MartiniqueBy J'na Jefferson
Sep. 28 2017, Published 5:42 p.m. ET
Paradise is not some fantasy whipped up in old world mythology. There is a place in the Caribbean that is as close to perfection as there has ever been, and her name is Martinique.
On a Thursday afternoon along the shore of the southern province of Saint-Anne, my feet were met with the caress of the perfect temperature of water and a moderate ocean breeze as I strolled along looking for the a nesting place to spend a little time to relax. The midday tide was still and inviting. I hadn’t carried a proper bathing suit for the afternoon. I had not planned on getting wet at all. Besides, once you’ve been to one beach you’ve been to them all, right? Absolutely wrong!
The beaches on Martinique are not just breathtaking. Which in itself is an understatement. They are a place of tranquility and visceral engagement with all the senses of the human body present. The water soothes. The breeze cools. And the raindrops (because people still go to the beach in the rain on this island) dance on your skin like a ballerina at recital.
Within minutes of my stroll, the rain began to fall denser. My instinct told me to run for shelter under a tree or the canopy of one of the food vendors dotted along the road leading to the beach. However, I was the only one running for cover. As the rain fell everyone around continued on their way as if there was no reason to break plans for a day on the beach. By this point, my shorts, which had no intent of experiencing H₂O that afternoon, were drenched from the downpour. So I uncharacteristically followed the crowd and reversed my route and headed toward the shoreline. A little Bo Derek in 10, a little Halle Berry in 007, and all David Hasselhoff in the original Baywatch, I removed my shirt and accepted that my Top Shop shorts were now swimming trunks and belly-flopped into the bay.
I would love to say that this is something I do all of the time. But that would be a huge mischaracterization of who I am. The truth is this has never happened before and there was no way to predict its presence in the near future. But yet, it happened. For all the caveats to what personally defines a great experience, Martinique has her own magical agenda. Things you would never do- happen here.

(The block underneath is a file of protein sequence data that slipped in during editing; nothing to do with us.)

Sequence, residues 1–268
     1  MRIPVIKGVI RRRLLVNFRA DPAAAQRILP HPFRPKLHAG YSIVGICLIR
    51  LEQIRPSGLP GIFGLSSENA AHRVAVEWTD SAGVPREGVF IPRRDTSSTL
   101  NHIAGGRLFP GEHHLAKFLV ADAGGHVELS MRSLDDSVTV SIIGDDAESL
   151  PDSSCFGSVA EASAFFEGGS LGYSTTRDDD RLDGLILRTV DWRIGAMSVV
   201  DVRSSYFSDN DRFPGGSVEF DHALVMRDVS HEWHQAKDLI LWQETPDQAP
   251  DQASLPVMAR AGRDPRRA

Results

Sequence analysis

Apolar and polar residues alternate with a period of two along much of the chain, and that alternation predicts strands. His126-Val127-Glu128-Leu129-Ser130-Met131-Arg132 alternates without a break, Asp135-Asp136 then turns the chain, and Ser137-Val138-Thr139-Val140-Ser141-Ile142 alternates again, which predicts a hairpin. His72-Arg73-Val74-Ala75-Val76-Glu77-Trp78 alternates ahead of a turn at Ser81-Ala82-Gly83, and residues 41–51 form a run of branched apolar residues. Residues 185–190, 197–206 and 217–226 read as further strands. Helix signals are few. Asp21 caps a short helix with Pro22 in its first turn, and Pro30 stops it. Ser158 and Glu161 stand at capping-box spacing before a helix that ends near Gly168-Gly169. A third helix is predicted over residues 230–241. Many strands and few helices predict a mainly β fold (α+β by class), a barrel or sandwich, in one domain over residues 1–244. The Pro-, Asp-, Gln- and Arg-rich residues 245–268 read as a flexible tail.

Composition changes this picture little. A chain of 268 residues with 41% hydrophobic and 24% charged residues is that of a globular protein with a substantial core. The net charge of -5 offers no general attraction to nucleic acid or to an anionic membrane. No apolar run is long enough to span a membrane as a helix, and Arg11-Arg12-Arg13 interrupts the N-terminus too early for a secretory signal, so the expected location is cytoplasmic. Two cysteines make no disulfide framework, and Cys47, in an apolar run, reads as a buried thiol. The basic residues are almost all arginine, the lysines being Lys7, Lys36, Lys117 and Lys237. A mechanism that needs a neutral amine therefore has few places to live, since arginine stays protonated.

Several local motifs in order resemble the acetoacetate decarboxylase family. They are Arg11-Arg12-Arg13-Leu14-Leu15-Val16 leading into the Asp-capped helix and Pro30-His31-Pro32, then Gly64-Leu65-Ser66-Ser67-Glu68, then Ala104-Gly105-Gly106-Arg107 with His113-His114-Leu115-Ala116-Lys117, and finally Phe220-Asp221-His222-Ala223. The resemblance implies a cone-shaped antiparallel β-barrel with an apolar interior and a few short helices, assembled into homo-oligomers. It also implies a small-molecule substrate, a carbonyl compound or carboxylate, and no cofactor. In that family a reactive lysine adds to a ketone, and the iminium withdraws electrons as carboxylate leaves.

“The Island of Flowers,” or Madinina which it was called by its original inhabitants, the Carib, has maintained its beauty since Columbus sighted it. Though the government has changed hands from France to Great Britian and back to France again, this place is very French. The British took an interest in Martinique, invaded, and held the island from 1794 to 1815. Unlike other islands of the Caribbean, the British occupation of Martinique, kept her out of the turmoil of the French Revolution and into a period of relative prosperity. Columbus was actually the first European to visit the island in 1502, although he spotted the island in 1493 during one of his expeditions. The Spanish did not colonize the island however. It seems they were preoccupied with pillaging other islands along their journey of “discovery”. The truth is the island was not of any value to the Europeans until the development of the sugar plantation culture nearly a century later. A determining factor in why the ethnic combination of the island is 90% of mixed race, primarily African.
Although France claimed Martinique in 1635 and officially annexed in 1674, France and Britain fought over the island until 1815. In 1946, Martinique became a Department of France and in 1974 a Region of France, its current status. Modern day Martinique is undoubtedly France in the Caribbean. It conveys a captivating and markedly French receptivity. The exquisite culinary technique and presentation, the sophistication and flare of its residents, and the meticulous attention to detail in every aspect of everyday life exude the influence of European norms. In the excellence of its cuisine, the superb accommodations like French Coco, to the sensuality of its language. For a moment you may find yourself asking the locals for the best route to the Eifel tower. Yes, its that French. But unfortunately, that commute is 4,253 miles east, far from walking distance.
The victor of the battle to claim this beautiful vista was worth every yellow mangrove, gum tree, magnolia, and mahogany and all other vegetation. To think about it, paradise is not good enough of a word. Martinique is greater and more magical than even those most divine descriptions of grandeur. Martinique ç’est Magnifique!
It has never been easier to get to Martinique, even if you can’t find it on a map. Norwegian Airlines has direct flights from the East Coast of the United States. Grab your swim trunks, download a French to English translation app, and an empty stomach and have an experience of a lifetime.